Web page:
Mr. BRITTEN. Mr. Dwyer, I think the committee-understands all that quite thoroughly. It does not make any difference whether the Alameda site is worth $500,000 or $50,000,000 or $500,000,000. You are tendering it, just as they are tendering it, to the Government free of cost, and what difference does it make?

Mr. DWYER. You are quite right about that. I would make this point, that if, economically, it is worth $50,000,000, and the site which we offer you is economically worth less than $1,000,000, then there is an economic waste, all other things being equal, of $49,000,000 in taking the Alameda site.

Mr. BRITTEN. Oh no, it is not a waste, because you get the land for nothing.

Mr. DWYER. But you destroy just that value.

Mr. BRITTEN. I do not want to seem discourteous, but it is getting along in the direction of 12 o'clock, and there are four or five other gentlemen who want to be heard, and it seems to me that these obvious matters, matters which the committee thoroughly understands, need not be dwelt upon in your presentation.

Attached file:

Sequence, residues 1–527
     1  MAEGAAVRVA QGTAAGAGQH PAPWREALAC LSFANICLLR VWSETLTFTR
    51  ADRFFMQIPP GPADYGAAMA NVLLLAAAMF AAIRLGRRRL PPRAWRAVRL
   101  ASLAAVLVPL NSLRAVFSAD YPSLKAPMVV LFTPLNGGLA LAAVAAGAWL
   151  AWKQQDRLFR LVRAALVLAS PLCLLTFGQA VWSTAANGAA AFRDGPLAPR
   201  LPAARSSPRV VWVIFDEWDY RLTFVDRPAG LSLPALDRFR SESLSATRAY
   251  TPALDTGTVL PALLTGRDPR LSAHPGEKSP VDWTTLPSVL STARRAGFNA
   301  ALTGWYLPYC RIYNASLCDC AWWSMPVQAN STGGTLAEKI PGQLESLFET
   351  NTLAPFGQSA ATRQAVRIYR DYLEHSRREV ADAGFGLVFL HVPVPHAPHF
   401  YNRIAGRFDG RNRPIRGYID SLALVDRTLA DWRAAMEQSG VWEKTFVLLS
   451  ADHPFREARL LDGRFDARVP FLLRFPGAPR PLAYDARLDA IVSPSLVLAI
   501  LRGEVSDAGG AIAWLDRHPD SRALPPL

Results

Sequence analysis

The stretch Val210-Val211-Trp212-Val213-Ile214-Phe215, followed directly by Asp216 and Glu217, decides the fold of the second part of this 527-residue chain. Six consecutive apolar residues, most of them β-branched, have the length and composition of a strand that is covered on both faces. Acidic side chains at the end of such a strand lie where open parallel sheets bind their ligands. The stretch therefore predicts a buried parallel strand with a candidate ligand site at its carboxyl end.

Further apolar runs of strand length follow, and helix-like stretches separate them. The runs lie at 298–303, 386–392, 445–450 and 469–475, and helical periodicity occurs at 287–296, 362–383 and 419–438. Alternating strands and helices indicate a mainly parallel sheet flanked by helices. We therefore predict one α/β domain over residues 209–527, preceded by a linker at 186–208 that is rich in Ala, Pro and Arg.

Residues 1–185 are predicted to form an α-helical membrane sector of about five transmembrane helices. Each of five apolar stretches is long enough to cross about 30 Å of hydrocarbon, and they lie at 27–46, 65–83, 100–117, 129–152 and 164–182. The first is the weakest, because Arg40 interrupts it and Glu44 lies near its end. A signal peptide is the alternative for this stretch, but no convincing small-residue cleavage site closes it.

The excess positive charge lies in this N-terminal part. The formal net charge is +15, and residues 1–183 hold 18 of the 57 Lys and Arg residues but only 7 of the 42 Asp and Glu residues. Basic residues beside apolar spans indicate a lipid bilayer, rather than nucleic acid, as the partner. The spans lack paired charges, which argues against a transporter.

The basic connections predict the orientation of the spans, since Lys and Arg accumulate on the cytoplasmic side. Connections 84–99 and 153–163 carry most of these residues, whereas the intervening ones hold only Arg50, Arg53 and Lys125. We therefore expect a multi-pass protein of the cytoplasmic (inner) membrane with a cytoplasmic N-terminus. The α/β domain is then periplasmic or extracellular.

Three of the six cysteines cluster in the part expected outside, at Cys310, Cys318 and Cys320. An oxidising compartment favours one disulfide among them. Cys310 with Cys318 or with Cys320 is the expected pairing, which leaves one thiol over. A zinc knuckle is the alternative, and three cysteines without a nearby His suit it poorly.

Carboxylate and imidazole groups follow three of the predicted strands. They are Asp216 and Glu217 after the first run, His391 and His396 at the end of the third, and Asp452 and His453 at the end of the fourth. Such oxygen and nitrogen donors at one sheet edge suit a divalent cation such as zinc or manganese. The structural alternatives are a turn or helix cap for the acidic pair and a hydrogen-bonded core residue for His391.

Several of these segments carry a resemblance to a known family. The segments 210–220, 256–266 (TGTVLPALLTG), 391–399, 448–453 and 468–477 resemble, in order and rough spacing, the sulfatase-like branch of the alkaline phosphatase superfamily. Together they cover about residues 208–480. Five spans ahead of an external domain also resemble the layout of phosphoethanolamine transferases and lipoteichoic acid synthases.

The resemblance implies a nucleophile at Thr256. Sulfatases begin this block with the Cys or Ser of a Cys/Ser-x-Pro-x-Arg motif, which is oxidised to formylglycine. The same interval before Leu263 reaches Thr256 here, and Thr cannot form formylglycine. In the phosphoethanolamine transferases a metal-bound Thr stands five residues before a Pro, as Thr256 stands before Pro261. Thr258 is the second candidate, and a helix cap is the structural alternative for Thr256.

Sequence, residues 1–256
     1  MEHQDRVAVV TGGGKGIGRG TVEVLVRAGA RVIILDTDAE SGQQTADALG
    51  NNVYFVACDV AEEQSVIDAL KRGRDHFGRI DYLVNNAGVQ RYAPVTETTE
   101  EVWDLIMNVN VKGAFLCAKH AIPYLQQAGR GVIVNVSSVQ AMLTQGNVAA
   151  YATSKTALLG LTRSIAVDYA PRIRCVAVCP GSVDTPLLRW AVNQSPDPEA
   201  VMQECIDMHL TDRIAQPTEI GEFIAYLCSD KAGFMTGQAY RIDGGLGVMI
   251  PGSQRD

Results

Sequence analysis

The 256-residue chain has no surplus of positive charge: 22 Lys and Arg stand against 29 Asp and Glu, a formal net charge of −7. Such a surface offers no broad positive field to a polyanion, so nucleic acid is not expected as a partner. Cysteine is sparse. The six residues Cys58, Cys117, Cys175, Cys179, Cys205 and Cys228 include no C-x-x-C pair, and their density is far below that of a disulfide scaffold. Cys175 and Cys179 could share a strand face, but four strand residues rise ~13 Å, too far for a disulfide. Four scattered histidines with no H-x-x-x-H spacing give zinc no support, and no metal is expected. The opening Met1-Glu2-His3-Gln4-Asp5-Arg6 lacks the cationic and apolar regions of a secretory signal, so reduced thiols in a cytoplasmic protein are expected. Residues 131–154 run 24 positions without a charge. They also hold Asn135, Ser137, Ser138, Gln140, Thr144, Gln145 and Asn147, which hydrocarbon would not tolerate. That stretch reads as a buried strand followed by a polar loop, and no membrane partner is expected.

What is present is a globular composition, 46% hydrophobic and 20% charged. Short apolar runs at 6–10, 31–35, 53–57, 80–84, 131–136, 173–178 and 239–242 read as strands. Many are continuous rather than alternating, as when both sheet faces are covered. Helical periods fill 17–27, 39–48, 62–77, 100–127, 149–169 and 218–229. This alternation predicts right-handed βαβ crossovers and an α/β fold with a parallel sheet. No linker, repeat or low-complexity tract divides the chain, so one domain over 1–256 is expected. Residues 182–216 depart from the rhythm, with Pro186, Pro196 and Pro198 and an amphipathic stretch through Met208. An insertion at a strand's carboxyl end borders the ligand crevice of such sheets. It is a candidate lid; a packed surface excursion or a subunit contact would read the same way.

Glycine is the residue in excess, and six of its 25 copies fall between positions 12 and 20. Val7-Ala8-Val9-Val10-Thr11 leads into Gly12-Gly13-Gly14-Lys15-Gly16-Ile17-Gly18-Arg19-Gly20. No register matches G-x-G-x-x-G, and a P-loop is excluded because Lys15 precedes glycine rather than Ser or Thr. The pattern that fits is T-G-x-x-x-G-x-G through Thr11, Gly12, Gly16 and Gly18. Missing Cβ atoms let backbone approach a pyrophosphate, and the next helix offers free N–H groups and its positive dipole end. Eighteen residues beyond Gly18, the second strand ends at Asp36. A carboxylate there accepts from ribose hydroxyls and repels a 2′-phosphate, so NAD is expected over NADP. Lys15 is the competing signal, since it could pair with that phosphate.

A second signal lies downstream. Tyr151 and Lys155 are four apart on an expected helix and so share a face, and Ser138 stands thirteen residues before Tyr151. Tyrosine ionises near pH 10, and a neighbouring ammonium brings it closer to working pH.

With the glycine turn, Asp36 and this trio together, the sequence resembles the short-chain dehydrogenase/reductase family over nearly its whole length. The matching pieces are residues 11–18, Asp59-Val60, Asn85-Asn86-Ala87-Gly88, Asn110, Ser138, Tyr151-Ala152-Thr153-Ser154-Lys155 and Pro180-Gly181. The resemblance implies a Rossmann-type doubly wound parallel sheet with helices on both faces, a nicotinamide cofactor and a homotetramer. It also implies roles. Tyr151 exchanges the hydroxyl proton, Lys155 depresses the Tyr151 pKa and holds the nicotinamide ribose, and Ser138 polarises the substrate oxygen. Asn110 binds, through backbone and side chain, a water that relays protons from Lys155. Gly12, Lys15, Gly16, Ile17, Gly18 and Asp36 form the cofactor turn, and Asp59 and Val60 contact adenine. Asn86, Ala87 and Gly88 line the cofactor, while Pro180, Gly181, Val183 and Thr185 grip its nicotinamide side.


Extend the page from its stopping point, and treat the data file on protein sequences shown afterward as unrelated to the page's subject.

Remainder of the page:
Mr. DWYER. I will wind up by touching upon housing conditions.

Senator Ball. As chairman of the committee, I would like to state that the committee is composed of business men, and if you present your own advantages, I think we will be able to discriminate, so far as the presentation of the advantages of othersites is concerned.

Mr. DWYER. I have stated our advantages in every respect now except with respect to housing conditions, and we come again to an expression that was made unfavorably against the San Francisco side of the bay with regard to housing conditions. I just want to point out that that does not apply to San Mateo, because it was not before the commission, and that a half hour or an hour's examination of the housing conditions and the climatic conditions about the proposed San Mateo site, including San Mateo City and Burlingame and Hillsborough and the immediate vicinity, will show that the housing conditions on the San Mateo Peninsula are absolutely ideal. There is an immense amount of land, hundreds, thousands of acres, in the immediate vicinity of the proposed site, that could be improved to-morrow with workingmen's cottages, at very little expense. The land is cheap, it is absolutely level, and the working force could live within walking distance of the works.